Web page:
Certainly, every optical department could benefit by selling more pairs of high-end prescription sunglasses. However, there's a segment of the patient population that's not going to respond, no matter how effective your efforts may be with other patients.

Why? Because a significant number of ophthalmology patients are seniors, and some seniors regard high-fashion sunglasses as a foolish way to spend money. Some other seniors are on limited incomes, and other patients simply do not have the disposable dollars due to tight household budgets.

These patients' eyes deserve protection from UV rays. Research shows that damage from UV rays occurs during years of sun exposure, starting from the earliest age. Children represent your best opportunity to prevent UV damage when it will do the most good.

However, patients of all ages can benefit from UV protection. Recent studies show that sun exposure after the teenage years correlates with a higher incidence of cataracts in older adults. UV exposure may contribute to retinal disorders, including age-related macular degeneration. Ocular melanoma is more common in areas near the equator (where UV exposure is greatest), and may be more of a risk in patients with light-colored eyes. Melanoma of the periorbital skin may be avoided with proper UV protection.

It behooves your practice to offer affordable sunwear options. For patients who wear prescription eyeglasses, there are polarized "fitover" sunwear and clip-ons, which offer an appealing alternative to an additional pair of prescription eyeglasses with polarizing and/or tinted lenses.

Fitovers and clip-ons are particularly appropriate for patients who wear photochromic lenses, which will not darken to sun lenses behind a vehicle windshield. Fitovers and many clip-ons are polarized, and will reduce glare for drivers by blocking light reflected from surfaces like the hood of a car or a highway.

Fitovers fit right over the patient's prescription eyewear, transforming them into sunwear at a moderate price. Fitovers are available in a number of shapes to accommodate different frame shapes. Select a fitover product that offers polarizing lenses and side shields, a choice of lens colors and wrap-around UV protection.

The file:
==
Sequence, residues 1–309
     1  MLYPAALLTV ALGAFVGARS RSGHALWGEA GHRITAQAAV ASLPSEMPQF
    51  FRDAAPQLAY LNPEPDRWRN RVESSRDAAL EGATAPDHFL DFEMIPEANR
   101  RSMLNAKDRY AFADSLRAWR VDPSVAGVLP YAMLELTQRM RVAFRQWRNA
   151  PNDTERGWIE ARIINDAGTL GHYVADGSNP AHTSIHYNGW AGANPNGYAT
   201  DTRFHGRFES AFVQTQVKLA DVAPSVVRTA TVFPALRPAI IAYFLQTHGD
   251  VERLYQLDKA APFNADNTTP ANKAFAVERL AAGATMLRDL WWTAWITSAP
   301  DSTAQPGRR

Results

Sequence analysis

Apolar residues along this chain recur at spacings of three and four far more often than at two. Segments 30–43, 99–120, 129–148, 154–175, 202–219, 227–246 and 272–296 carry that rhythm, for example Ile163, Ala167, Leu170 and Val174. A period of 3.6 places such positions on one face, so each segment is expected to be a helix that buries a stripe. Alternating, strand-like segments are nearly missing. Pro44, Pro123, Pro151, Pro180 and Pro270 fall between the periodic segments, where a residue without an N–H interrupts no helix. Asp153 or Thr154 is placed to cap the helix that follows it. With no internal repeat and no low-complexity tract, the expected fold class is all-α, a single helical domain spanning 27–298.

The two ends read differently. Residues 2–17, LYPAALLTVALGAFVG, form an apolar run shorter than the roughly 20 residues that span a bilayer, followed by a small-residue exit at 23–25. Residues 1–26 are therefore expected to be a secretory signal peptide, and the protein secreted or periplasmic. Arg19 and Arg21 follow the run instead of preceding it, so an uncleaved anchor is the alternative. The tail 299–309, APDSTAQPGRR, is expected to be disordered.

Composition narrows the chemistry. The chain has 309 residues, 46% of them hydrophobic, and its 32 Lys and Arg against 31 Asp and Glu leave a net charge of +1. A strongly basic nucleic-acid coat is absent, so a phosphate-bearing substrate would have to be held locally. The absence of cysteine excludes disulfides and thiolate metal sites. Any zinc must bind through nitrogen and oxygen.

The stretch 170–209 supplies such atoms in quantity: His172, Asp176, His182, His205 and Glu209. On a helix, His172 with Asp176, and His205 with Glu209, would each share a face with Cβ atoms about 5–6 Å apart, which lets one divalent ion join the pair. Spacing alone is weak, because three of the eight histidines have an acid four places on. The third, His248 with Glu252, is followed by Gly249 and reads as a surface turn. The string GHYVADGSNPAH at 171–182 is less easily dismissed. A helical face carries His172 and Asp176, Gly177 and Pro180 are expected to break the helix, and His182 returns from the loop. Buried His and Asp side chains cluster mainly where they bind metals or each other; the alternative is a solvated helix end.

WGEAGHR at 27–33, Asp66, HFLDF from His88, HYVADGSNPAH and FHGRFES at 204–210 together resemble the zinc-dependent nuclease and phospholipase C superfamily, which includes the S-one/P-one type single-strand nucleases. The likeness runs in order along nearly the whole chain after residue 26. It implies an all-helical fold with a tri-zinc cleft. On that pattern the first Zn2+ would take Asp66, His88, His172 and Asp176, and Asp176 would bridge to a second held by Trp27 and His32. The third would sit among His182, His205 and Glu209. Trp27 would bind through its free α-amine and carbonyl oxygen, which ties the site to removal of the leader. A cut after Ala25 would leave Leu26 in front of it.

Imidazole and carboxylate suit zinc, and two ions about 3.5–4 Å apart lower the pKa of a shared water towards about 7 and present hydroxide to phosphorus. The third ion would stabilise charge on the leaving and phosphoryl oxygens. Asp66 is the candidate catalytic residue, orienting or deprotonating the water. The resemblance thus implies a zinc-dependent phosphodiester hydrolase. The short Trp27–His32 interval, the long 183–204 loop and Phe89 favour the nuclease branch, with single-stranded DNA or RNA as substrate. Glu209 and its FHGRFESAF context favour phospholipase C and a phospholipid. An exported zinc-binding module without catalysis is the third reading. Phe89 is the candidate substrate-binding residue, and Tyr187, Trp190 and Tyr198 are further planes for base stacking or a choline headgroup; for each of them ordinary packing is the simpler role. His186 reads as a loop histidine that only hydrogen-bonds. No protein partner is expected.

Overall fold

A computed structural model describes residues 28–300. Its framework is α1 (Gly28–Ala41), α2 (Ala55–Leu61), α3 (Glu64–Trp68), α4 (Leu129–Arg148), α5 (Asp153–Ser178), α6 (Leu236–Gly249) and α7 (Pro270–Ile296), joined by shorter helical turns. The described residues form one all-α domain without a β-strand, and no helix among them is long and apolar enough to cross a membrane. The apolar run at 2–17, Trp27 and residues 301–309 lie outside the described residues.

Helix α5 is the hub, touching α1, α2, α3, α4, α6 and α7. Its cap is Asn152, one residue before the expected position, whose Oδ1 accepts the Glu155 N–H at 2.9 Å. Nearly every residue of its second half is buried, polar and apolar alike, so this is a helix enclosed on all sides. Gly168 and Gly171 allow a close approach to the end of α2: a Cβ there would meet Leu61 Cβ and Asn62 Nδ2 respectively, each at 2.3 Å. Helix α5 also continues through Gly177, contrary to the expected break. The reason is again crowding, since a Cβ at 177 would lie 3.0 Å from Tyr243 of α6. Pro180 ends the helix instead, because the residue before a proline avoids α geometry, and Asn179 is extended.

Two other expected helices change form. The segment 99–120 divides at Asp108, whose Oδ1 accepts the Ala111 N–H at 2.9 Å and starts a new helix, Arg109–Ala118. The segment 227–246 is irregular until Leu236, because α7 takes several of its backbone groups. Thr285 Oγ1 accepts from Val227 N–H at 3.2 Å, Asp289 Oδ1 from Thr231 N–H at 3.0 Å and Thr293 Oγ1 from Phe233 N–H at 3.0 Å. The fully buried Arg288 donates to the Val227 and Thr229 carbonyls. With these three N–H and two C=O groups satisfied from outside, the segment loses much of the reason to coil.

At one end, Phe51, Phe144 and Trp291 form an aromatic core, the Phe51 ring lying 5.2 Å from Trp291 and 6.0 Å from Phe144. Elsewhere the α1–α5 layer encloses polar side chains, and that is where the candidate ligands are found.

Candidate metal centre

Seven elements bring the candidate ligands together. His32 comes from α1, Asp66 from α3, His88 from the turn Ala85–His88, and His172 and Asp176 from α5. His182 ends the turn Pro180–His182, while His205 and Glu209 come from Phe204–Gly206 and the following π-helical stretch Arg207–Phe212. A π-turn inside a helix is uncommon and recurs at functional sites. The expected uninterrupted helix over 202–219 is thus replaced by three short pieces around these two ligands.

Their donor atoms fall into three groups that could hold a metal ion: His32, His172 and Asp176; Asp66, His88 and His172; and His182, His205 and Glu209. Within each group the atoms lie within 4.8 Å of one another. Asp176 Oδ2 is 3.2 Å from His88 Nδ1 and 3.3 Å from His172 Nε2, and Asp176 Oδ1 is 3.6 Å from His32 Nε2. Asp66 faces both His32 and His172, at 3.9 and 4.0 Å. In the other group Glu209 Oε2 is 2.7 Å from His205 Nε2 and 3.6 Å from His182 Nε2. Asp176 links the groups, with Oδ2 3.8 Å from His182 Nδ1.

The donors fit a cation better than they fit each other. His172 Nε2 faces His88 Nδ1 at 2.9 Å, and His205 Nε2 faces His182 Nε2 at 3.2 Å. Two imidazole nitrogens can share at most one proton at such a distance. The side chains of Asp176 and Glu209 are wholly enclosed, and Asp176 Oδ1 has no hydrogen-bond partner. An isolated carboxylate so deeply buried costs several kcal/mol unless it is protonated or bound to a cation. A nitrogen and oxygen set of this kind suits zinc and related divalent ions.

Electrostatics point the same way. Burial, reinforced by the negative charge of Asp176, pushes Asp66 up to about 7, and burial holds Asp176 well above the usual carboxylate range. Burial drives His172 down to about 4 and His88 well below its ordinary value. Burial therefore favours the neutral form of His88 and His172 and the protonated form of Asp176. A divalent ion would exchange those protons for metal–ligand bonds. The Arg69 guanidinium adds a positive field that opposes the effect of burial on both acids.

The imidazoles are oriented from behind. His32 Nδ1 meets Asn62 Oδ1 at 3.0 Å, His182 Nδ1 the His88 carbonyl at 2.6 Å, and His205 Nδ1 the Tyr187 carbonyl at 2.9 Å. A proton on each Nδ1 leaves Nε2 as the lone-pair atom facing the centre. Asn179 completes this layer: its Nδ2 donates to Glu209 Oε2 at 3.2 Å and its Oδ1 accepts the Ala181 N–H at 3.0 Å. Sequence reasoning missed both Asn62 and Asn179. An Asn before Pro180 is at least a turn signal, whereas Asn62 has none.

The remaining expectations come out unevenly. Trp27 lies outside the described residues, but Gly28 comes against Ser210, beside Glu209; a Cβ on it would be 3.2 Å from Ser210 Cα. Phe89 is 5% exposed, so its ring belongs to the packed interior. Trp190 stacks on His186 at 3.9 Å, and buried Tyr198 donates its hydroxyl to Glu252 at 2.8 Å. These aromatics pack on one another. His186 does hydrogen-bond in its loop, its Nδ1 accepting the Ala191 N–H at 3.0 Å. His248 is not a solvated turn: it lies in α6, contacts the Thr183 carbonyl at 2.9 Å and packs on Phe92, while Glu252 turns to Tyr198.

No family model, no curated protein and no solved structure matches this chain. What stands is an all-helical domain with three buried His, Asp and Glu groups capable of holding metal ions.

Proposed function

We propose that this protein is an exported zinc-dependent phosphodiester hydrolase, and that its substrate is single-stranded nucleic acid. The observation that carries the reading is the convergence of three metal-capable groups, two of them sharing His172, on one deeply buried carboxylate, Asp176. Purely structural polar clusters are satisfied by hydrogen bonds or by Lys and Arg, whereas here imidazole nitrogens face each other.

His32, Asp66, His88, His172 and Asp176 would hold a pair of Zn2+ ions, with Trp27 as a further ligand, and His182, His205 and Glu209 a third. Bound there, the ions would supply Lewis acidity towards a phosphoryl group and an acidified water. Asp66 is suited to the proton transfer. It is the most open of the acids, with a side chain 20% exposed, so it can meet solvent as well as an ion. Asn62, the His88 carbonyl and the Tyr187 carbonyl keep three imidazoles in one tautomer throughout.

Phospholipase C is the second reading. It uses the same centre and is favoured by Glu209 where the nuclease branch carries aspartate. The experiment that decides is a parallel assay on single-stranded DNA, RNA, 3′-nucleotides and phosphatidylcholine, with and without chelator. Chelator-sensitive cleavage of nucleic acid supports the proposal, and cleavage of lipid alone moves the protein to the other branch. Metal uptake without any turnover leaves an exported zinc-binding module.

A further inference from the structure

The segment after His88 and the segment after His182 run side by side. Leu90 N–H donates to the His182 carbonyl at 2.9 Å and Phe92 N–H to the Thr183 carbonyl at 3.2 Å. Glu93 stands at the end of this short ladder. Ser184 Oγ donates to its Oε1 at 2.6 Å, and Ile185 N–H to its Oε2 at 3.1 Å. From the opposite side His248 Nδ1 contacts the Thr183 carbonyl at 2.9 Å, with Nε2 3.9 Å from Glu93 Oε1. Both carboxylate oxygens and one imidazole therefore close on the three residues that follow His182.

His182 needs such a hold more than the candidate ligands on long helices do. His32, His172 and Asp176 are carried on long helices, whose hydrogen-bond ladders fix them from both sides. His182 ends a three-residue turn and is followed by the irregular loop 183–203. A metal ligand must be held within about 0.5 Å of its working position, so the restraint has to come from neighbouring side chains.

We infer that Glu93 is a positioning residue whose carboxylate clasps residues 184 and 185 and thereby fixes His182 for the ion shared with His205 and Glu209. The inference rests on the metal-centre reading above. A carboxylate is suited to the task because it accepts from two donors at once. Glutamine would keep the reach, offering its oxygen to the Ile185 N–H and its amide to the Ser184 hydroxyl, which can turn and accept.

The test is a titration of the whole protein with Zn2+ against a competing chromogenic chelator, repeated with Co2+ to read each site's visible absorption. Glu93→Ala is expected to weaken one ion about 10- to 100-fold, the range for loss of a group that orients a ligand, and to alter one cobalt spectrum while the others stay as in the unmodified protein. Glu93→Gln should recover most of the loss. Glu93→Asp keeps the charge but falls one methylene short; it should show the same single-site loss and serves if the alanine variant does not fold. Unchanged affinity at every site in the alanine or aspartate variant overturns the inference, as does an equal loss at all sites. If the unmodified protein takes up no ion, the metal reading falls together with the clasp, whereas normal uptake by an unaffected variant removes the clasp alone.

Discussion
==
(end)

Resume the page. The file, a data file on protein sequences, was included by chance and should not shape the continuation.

Clip-ons and drop-ins also are available in a variety of shapes to fit many styles of frames. They are offered in polarizing lenses with UV protection.

Patients need to know:

• There are moderately priced products that will convert their current eyeglasses into sunwear.

• Should the patient's Rx change, the sunwear product is still current.

• These products offer all the benefits of polarizing lenses.

• Patients' eyes are better-protected from UV damage with side shields found on some of these products.

For patients who do not need corrective lenses (due to intraocular lens  implants or refractive surgery), plano sunglasses offer adequate UV protection. In fact, U.S. consumers spend $2 billion a year on plano sunwear— but they don't buy it from you.

This huge market is dominated by grocery/drug/convenience stores, followed distantly by sunglass retailers and department stores. Out of nearly 95 million pairs sold in 2004, independent practices and optical chains combined sold just 3 million pairs. This represents a huge opportunity for optical retailers to expand this eyewear sales category, as well as to educate consumers about the eye health benefits of sunglass lenses.

The most significant challenge is that consumers are conditioned to purchase sunwear at non-optical outlets. This buying habit is reinforced by seasonal marketing and merchandising by retailers, as well as year-round presence in stores consumers visit frequently.

The average retail price of plano sunwear is just under $20.00 a pair. It's clear that most optical boutiques just don't offer sunglasses in a moderate price range. Independent practices and optical chains together sell just 3 percent of plano sunglasses, yet they take in about a third of dollars spent on plano sunwear ($345 million).

Considering the significant market for moderately priced sunwear, you can certainly get a bigger piece of the pie—and protect more patients' eyes —by offering plano sunglasses at moderate price points. Of course, you should select products that are superior to those sold in drugstores, yet priced moderately.

Patient communication is key:

• Teach patients about the dangers of UV rays (See sidebar, above).

• Be sure they know that your practice offers moderately priced products that will protect their eyes.

Your more active patients need safety protection plus UV protection. Sports goggles offer both, and for some people, may be a better recommendation than sunglasses. Whether the patient swims, cycles, water-skis (or skis), or just plain shoots hoops in the driveway, goggle technology now offers a wide variety of products to choose from. Be sure to consider three things when dispensing goggles:

1. Impact protection. Dress eyewear (ANSI Z80) and even occupational eyewear (ANSI Z87) will probably not be sufficient. Sports goggles should meet ASTM F803-88a standards.

2. Exposure protection. Primarily from experience with LASIK and other refractive surgeries, we now know a stable precorneal tear film is essential to good vision and acuity. Recreational goggles must fit the orbital structure of a person's face optimally, providing not only a comfortable fit, but also allowing proper air and wind management for their sport.

3. Vision/acuity enhancement. Many of the sports-specific goggles contain well-tested tint recommendations. Hues and densities should not only be chosen with respect to the intended purpose, they should be trial-tested on the individual patient. For Rx goggles, you may need to compensate for non-standard vertex distances (closer than normal) and/or face-form angle ("wrap") for goggles.